A World-First Technology in using Graphene For Micro Devices

  • Microstructures made of graphene on SiC on Si wafer produced by the innovative process developed at Griffith University. The structures are examples of patterns that are useful in sensor and electronic design
  • Francesca Iacopi from Griffith's Queensland Micro- and Nanotechnology Centre
  • Microstructures made of graphene on SiC on Si wafer produced by the innovative process developed at Griffith University. The structures are examples of patterns that are useful in sensor and electronic design
  • Microstructures made of graphene on SiC on Si wafer produced by the innovative process developed at Griffith University. The structures are examples of patterns that are useful in sensor and electronic design
  • Microstructures made of graphene on SiC on Si wafer produced by the innovative process developed at Griffith University. The structures are examples of patterns that are useful in sensor and electronic design
  • Microstructures made of graphene on SiC on Si wafer produced by the innovative process developed at Griffith University. The structures are examples of patterns that are useful in sensor and electronic design
  • Researchers from the F.Iacopi group at Griffith University working on the next generation of graphene silicon wafers. From Left to right, Mohsin Ahmed, Neeraj Mishra and Ben Cunning.

World-first technology developed at Griffith University is harnessing the remarkable properties of graphene and could launch the next generation of mass produced, low-cost micro-devices.

Dr Francesca Iacopi’s novel micro-fabrication process enables production-scale manufacturing of a superior and versatile material that companies can use to commercially produce sensor devices that are biocompatible, chemically resistant and highly sensitive.

“We believe this process will change the way we live by providing the ultimate in device miniaturisation. It will influence a lot of different sectors because many modern applications relying on micro- and nano-devices will be able to advance by incorporating this technology,” says Dr Iacopi, from Griffith University’s Queensland Micro- and Nanotechnology Centre.

“For example, medicine is just one area where this technology can be applied. Someone with diabetes could have a nanochip sitting on their skin – mass produced with the help of our micro-fabrication process – continuously monitoring their blood, and any changes can be relayed directly to a doctor.”

Already the recipient of a prestigious Global Innovation Award at the TechConnect World Innovation Conference & Expo in Washington DC in June, Dr Iacopi’s breakthrough process resolves a long-running dilemma regarding the use of graphene.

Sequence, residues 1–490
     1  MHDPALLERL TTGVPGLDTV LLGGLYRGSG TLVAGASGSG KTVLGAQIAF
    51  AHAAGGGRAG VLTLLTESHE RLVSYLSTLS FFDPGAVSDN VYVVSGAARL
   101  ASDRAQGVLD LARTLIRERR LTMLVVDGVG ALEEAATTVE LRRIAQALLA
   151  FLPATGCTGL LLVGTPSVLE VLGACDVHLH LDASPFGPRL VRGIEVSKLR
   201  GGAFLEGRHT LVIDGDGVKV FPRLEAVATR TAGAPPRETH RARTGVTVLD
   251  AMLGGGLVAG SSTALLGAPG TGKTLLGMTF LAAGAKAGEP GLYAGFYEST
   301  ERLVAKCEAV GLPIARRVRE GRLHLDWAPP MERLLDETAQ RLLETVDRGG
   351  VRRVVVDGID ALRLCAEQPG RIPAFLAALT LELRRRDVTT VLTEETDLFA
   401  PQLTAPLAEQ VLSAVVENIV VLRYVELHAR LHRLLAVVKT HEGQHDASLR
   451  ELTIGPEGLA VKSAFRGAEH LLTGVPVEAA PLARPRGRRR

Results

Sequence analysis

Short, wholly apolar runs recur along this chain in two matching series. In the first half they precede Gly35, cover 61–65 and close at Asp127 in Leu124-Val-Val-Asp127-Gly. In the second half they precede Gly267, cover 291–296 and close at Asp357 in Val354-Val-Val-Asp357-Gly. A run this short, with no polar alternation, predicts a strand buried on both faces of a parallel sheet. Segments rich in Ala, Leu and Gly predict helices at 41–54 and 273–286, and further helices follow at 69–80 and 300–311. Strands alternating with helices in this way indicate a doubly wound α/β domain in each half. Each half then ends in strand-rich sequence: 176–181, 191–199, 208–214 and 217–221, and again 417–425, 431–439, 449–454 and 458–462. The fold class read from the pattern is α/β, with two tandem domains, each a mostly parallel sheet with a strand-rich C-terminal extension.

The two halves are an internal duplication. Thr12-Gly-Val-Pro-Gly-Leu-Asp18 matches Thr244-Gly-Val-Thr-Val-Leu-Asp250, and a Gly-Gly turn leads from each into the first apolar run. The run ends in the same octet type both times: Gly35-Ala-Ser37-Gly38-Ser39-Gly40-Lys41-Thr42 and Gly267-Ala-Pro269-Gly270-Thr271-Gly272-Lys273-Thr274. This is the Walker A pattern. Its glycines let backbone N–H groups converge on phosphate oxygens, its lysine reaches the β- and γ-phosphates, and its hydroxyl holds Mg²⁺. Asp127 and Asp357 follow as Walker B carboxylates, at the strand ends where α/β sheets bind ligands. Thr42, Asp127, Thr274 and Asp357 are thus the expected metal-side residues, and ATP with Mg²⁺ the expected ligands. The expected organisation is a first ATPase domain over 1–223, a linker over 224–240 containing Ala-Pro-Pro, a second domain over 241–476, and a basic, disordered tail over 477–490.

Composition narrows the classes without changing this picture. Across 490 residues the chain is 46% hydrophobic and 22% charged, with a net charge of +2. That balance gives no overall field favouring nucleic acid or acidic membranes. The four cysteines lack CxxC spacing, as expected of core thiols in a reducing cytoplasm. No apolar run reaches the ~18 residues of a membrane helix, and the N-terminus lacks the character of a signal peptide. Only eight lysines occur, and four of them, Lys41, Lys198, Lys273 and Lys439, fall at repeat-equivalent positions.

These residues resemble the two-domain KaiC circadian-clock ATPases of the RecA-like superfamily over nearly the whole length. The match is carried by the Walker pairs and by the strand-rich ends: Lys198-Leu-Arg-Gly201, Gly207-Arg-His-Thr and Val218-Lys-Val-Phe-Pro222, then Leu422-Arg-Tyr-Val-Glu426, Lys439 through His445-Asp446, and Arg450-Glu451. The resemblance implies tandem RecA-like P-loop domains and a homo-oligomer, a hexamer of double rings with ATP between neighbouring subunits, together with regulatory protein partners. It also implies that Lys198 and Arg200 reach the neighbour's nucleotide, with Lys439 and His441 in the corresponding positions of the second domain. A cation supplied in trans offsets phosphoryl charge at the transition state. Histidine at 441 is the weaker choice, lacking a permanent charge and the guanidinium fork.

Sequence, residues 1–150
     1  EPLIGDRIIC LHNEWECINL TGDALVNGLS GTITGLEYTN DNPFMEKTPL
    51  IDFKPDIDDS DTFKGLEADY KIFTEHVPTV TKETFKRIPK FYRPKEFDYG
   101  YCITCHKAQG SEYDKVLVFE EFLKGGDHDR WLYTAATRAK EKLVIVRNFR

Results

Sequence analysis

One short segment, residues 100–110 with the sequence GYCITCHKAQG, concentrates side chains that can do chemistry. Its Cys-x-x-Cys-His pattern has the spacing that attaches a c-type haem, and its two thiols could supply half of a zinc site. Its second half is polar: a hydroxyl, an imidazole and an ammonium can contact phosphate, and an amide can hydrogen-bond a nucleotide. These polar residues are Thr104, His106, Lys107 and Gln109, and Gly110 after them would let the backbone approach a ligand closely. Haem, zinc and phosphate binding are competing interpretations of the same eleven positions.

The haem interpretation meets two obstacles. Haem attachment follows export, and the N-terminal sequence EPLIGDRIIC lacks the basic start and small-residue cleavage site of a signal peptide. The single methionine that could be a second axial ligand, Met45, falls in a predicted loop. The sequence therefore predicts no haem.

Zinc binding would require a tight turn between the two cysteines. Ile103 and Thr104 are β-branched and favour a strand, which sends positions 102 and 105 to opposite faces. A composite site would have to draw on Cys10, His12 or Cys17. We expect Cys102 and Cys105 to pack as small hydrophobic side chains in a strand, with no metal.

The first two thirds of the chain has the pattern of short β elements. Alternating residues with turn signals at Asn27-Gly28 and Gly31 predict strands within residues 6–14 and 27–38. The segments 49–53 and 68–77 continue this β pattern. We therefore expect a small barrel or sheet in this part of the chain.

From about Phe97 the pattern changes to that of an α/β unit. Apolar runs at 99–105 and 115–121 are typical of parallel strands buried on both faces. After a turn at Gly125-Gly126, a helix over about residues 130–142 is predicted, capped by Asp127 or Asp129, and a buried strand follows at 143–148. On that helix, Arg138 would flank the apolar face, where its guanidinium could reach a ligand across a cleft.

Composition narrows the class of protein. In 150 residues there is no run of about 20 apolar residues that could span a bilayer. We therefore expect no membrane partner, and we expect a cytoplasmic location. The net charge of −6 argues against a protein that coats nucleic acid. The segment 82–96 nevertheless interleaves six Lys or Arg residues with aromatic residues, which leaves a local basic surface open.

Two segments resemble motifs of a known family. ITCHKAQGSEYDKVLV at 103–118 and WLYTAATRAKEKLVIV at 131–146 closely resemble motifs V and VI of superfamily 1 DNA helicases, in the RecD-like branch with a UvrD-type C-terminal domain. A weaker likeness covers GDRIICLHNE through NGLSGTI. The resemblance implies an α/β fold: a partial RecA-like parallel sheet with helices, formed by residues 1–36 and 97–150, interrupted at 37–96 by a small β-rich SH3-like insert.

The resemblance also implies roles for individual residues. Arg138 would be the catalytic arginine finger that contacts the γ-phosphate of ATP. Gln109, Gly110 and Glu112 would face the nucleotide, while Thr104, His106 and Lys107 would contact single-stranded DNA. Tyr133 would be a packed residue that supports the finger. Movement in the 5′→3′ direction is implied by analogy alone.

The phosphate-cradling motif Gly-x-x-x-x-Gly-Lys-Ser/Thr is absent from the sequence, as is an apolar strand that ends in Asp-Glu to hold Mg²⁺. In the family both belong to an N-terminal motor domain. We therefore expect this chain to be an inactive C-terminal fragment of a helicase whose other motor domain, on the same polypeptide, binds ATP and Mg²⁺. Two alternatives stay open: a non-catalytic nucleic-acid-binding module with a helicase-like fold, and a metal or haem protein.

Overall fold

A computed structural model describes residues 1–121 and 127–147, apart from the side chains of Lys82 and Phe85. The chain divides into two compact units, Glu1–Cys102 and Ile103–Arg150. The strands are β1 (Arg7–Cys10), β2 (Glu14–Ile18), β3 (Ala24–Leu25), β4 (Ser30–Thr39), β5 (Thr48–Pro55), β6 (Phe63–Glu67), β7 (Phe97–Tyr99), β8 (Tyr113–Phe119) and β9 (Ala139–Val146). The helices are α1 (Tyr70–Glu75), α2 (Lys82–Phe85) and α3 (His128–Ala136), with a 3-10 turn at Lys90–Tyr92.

First isolated in the laboratory about a decade ago, graphene is pure carbon and one of the thinnest, lightest and strongest materials known to humankind. A supreme conductor of electricity and heat, much has been written about its mechanical, electrical, thermal and optical properties and the possibilities regarding the fabrication of new and advanced micro-devices.

However, progress so far has been stymied due to the difficulty in synthesising high quality graphene on to Silicon (Si) wafers, which would enable cost-effective mass production of such devices.

That problem has now been overcome and the ramifications extend throughout the industrial and technological spectrum.

Working with three PhDs, a postdoctorate, national and international collaborators and the world-leading facilities at Griffith University’s Queensland Microtechnology Facility, Dr Iacopi has successfully:

  • developed a novel low temperature process to synthesise graphene by using a metal alloy catalyst that produces a continuous, high quality, controllable graphene film, and;
  • developed a strategy for patterning graphene in such a way it will grow only on a pre-patterned Silicon Carbide (SiC) layer on Silicon..

“Until now, high quality graphene was restricted to the use of expensive SiC wafers or the use of complicated transfer procedures to Silicon wafers. A cheaper substrate and a simpler methodology was badly needed to ensure the micro-devices would be cost-competitive,” says Dr Iacopi.

“At Griffith, we were the first develop a method for depositing a very high quality thin layer of SiC on to 300mm Si wafers, also thanks to the help from the Australian National Fabrication Facility.

“This work is still very early but the prospects are very exciting and broad-ranging.”

Dr Iacopi and her team have already begun seeking industry partners to leverage the technology in an industrial type of product. To discuss industrial opportunities please contact Griffith Enterprise.

Her success in receiving the Global Innovation Award at TechConnect follows a similar achievement by Griffith’s Mr Madhu Neeli and Professor David Thiel in 2013 for their Circuits in Plastics technology.

In September, Dr Iacopi will travel to Seattle in the US to address the 4th International Symposium on Graphene Devices.

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